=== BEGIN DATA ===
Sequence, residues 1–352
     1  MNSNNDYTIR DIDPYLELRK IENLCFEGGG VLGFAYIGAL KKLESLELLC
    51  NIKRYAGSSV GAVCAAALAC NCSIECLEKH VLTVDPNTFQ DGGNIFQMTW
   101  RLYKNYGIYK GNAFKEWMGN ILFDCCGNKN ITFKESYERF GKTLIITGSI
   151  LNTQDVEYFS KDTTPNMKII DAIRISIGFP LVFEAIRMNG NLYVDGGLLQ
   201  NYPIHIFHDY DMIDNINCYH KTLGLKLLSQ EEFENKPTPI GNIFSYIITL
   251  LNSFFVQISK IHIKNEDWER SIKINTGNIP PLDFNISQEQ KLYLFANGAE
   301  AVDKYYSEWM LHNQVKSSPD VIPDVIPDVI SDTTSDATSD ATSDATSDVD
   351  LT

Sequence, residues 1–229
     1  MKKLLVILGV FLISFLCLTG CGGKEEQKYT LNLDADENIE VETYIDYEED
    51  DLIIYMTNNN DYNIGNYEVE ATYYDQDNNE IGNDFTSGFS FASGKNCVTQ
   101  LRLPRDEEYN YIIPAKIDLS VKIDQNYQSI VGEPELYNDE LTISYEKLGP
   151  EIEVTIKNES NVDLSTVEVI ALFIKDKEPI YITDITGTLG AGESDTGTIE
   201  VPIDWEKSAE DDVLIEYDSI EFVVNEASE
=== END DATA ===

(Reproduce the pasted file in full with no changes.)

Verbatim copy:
Sequence, residues 1–352
     1  MNSNNDYTIR DIDPYLELRK IENLCFEGGG VLGFAYIGAL KKLESLELLC
    51  NIKRYAGSSV GAVCAAALAC NCSIECLEKH VLTVDPNTFQ DGGNIFQMTW
   101  RLYKNYGIYK GNAFKEWMGN ILFDCCGNKN ITFKESYERF GKTLIITGSI
   151  LNTQDVEYFS KDTTPNMKII DAIRISIGFP LVFEAIRMNG NLYVDGGLLQ
   201  NYPIHIFHDY DMIDNINCYH KTLGLKLLSQ EEFENKPTPI GNIFSYIITL
   251  LNSFFVQISK IHIKNEDWER SIKINTGNIP PLDFNISQEQ KLYLFANGAE
   301  AVDKYYSEWM LHNQVKSSPD VIPDVIPDVI SDTTSDATSD ATSDATSDVD
   351  LT

Sequence, residues 1–229
     1  MKKLLVILGV FLISFLCLTG CGGKEEQKYT LNLDADENIE VETYIDYEED
    51  DLIIYMTNNN DYNIGNYEVE ATYYDQDNNE IGNDFTSGFS FASGKNCVTQ
   101  LRLPRDEEYN YIIPAKIDLS VKIDQNYQSI VGEPELYNDE LTISYEKLGP
   151  EIEVTIKNES NVDLSTVEVI ALFIKDKEPI YITDITGTLG AGESDTGTIE
   201  VPIDWEKSAE DDVLIEYDSI EFVVNEASE